Access Copyright, the copyright collection society that collects money from universities for people copying written works, has been somewhat controversial. Even putting aside its silly attempt to claim a trademark on the © symbol
, it's also been looking to increase its fees massively
(over 1,000% in some cases). Michael Geist has been digging in on some of the numbers behind Access Copyright (something the non-profit does not make easy, since it appears to obfuscate the money flow), and appears to have worked out that less than 10% of the money it brings in goes to authors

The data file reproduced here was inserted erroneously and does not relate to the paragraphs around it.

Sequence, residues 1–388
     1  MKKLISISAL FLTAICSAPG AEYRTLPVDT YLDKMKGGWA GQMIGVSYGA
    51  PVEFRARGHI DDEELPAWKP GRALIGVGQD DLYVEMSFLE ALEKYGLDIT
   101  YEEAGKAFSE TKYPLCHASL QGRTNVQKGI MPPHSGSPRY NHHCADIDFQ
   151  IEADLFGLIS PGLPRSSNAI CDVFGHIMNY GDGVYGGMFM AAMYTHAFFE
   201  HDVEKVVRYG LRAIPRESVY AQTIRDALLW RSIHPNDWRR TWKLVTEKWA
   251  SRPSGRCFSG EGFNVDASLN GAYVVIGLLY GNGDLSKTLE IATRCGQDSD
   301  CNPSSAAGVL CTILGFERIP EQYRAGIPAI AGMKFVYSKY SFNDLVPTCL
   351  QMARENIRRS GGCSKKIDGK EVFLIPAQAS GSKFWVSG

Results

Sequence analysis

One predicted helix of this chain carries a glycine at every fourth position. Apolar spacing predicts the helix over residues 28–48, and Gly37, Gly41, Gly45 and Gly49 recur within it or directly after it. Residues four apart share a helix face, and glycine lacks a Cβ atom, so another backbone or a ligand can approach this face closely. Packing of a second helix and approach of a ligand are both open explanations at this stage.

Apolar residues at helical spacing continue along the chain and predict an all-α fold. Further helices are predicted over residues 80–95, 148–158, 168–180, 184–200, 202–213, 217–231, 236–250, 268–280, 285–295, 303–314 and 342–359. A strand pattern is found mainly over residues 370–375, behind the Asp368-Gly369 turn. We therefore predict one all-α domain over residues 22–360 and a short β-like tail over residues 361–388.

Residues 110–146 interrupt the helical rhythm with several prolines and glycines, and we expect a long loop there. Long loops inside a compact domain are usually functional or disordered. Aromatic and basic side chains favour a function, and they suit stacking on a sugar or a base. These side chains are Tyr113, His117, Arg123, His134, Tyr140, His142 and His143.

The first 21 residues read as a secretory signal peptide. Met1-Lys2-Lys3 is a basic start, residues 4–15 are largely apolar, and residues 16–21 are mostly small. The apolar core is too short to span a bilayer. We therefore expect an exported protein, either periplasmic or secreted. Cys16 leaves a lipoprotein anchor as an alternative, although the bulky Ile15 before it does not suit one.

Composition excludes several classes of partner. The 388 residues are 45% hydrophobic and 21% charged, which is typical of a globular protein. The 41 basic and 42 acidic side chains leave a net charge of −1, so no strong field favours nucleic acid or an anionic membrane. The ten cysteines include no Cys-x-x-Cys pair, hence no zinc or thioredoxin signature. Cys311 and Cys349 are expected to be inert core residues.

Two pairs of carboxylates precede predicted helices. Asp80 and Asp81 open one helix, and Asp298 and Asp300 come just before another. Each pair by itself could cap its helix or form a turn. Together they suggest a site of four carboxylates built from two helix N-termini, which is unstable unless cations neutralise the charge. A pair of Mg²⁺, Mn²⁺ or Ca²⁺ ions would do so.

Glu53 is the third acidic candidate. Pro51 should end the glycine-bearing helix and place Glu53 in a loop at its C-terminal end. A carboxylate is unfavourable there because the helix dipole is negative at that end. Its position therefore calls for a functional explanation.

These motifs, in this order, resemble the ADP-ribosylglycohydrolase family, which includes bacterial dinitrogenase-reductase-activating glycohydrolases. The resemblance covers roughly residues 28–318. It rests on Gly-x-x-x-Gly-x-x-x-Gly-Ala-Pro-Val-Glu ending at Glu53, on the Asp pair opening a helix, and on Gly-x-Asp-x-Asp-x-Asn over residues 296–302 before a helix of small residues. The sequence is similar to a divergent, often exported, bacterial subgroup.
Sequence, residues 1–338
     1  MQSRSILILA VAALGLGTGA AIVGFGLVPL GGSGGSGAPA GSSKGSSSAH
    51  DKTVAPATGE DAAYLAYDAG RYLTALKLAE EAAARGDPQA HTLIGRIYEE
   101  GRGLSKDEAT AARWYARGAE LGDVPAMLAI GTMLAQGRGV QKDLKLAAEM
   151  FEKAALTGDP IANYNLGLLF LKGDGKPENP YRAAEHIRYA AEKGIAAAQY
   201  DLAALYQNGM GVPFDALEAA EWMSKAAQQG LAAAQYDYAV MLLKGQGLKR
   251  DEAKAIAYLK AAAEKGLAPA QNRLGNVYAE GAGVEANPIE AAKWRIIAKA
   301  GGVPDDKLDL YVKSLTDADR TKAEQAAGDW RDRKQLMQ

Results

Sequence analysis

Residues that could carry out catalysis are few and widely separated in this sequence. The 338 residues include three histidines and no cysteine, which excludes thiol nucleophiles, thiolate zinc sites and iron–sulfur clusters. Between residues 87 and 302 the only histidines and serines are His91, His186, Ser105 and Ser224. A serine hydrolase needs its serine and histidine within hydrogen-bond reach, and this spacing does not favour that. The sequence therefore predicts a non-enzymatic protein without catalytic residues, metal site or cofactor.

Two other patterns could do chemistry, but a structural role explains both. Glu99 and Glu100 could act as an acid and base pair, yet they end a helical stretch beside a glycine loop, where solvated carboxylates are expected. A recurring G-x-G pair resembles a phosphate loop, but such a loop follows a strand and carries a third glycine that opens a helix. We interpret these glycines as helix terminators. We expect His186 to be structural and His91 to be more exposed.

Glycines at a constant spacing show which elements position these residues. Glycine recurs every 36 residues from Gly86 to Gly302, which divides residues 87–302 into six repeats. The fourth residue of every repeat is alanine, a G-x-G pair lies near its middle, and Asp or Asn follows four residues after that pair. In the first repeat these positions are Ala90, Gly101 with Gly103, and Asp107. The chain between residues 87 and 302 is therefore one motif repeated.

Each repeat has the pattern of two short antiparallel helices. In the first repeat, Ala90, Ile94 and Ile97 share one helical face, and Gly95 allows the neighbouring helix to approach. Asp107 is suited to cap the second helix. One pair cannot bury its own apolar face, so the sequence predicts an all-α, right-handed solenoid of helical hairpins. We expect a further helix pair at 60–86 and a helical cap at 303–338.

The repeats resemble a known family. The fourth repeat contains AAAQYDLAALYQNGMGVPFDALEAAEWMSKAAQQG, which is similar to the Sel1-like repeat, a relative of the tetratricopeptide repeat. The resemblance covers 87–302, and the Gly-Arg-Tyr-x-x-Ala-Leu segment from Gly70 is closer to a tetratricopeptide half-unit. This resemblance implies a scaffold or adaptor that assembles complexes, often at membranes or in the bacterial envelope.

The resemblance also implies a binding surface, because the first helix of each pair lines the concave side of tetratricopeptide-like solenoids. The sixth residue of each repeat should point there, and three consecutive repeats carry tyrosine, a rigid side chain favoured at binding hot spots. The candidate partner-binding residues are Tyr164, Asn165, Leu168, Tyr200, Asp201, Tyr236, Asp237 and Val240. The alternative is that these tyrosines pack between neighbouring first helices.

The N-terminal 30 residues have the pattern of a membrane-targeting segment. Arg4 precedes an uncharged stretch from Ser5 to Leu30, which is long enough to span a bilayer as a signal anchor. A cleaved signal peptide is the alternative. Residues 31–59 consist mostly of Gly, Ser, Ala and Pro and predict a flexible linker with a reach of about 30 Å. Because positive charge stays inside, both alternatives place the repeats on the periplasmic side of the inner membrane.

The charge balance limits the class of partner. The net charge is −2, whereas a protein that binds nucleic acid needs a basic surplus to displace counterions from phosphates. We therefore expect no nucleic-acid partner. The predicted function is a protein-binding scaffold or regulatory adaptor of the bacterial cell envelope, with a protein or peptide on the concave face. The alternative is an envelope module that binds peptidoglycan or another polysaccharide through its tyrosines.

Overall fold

. You can read his methodology at the link, where there are some important caveats, including some money that's being held back until the results of a lawsuit are worked out. However, it does seem quite eye opening to find out that the group brought in $33.7 million last year, and only about $3.1 million of that went to authors directly, while $8.7 million went to administrative expenses. Kinda makes you wonder who Access Copyright is really representing.